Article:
Data validation for csv files

For small to medium size data science projects, data are still often in csv files. In fact, I also often find myself manually editing data in such files. In particular during early data exploration phases.

Unfortunately, csv files are really bad when it comes to model validity. While data in a database usually have been explicitly modelled in some way (and may still be messy), csv files can just be typed in by hand and there is no restriction whatsoever on whether or not the content can be parsed or not and if it parses to a given datatype or not. As a result, I find that I often have date-times or numbers that get parsed as object. Finding the one item that resulted in this can be a nightmare.

Data linting to the rescue

With code we use linters (e.g. flake8) and static analysis (e.g. mypy) to validate our code before we even compile/run it. Can we do something else with csv files? Can we run linting in csv files?

I wrote a small tool called csvmodel that validates a csv file in a similar way as flake8 does. The idea is simple: We first model our data by spelling out how we expect each record to look like and then we check if the data in our csv file matches our data model. If a line does not match, csvmodel will spit out the line number and a brief description what went wrong with that record. This way, we immediately know which line violate our data model and we don't have to search through a 1000 line (or more) csv to spot the errors.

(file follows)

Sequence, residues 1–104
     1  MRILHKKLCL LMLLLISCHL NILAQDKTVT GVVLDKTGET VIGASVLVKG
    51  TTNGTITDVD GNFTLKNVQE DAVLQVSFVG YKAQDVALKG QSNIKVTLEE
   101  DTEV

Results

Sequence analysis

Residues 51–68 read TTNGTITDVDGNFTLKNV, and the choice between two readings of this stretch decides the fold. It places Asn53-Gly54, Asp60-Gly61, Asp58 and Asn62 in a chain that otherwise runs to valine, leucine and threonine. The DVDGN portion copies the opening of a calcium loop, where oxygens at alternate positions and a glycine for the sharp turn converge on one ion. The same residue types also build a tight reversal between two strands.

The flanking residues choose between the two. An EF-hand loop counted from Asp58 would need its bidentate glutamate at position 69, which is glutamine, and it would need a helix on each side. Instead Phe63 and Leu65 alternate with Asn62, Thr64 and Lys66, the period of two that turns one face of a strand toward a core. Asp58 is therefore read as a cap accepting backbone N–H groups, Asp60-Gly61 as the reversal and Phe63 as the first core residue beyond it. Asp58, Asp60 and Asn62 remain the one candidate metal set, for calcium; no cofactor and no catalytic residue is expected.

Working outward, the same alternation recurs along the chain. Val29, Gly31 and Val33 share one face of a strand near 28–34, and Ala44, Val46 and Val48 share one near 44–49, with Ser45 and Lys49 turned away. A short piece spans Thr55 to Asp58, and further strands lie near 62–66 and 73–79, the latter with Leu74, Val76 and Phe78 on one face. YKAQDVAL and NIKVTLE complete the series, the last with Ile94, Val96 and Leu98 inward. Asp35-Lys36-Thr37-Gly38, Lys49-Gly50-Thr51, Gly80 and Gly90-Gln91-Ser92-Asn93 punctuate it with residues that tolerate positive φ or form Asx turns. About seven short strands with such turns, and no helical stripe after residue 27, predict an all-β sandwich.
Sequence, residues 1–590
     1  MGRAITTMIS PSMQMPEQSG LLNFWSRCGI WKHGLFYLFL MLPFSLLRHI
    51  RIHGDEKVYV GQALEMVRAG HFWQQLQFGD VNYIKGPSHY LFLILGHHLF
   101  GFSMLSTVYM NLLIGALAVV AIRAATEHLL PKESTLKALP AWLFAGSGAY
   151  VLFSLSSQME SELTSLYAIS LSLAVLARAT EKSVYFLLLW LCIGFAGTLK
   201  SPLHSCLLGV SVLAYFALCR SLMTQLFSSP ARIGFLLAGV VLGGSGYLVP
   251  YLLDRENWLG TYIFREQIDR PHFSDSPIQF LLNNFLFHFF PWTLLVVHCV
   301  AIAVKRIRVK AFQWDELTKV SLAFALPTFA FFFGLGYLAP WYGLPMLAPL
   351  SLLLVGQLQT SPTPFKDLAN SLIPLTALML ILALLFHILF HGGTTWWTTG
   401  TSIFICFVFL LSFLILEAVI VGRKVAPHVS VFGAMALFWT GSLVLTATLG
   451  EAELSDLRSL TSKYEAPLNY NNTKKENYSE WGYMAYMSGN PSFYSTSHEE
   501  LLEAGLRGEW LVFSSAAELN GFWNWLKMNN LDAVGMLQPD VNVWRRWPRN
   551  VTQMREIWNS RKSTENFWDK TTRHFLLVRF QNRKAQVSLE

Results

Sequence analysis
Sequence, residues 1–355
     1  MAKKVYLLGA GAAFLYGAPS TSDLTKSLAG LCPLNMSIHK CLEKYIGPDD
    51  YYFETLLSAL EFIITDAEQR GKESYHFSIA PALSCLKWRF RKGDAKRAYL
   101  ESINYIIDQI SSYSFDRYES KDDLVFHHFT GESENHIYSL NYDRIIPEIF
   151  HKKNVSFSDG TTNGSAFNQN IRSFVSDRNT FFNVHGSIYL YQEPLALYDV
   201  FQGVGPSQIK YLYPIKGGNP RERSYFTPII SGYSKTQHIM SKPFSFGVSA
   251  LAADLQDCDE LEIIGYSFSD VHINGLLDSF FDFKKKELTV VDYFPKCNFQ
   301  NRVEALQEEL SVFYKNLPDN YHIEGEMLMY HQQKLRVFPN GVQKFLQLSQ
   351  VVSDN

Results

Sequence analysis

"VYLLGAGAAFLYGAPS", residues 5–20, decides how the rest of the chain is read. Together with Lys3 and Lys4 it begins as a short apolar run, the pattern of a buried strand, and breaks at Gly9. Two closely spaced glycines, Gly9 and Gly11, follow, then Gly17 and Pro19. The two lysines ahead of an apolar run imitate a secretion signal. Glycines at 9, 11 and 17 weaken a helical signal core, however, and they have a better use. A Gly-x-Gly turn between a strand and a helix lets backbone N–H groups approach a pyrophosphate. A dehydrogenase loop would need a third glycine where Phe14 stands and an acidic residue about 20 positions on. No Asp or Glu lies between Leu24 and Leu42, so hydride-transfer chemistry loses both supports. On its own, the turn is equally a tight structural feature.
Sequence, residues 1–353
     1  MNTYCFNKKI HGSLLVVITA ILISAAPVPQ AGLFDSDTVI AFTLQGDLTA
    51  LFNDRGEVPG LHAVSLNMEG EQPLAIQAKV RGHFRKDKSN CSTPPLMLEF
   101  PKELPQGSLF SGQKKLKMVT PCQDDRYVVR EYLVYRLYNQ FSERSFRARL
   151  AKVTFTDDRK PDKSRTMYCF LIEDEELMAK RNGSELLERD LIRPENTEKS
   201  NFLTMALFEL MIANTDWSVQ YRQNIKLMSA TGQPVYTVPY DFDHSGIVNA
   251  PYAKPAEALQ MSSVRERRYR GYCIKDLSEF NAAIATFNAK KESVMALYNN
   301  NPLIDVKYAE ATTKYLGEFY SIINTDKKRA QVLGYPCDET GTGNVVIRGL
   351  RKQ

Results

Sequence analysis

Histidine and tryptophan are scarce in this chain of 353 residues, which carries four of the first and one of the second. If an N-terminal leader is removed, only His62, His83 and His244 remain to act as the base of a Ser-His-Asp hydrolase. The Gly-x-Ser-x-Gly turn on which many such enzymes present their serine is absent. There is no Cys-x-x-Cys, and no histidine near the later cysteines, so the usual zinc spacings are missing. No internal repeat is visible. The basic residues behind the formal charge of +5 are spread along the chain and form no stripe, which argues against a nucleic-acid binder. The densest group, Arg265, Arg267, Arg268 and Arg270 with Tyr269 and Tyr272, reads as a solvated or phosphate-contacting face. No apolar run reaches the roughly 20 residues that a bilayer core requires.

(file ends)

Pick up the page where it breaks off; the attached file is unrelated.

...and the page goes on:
Sound cool? Let's see it in action.

Getting started with csvmodel

Let's first install csvmodel from pypi (don't actually type the $ that's just to indicate your command prompt):

  $ pip install csvmodel

We now need to specify our data model. For that, csvmodel supports two kinds of data models:

  1. You can specify jsonschema that describes your data.
  2. You can use a pydantic model to specify your schema.

Both approaches have their advantages and disadvantages. If your main language is python, you may be familiar with python's dataclasses or even with pydantic itself. Pydantic provides a drop-in version for standard dataclasses (pydantic.dataclasses) but they recommend to derive classes from pydantic.BaseModel instead. So let's write a simple data model:

from typing import Optional
from datetime import date
from pydantic import BaseModel


class DataModel(BaseModel):
    username: str
    registered_on: date
    number_of_logins_since_registered: int
    is_premium: bool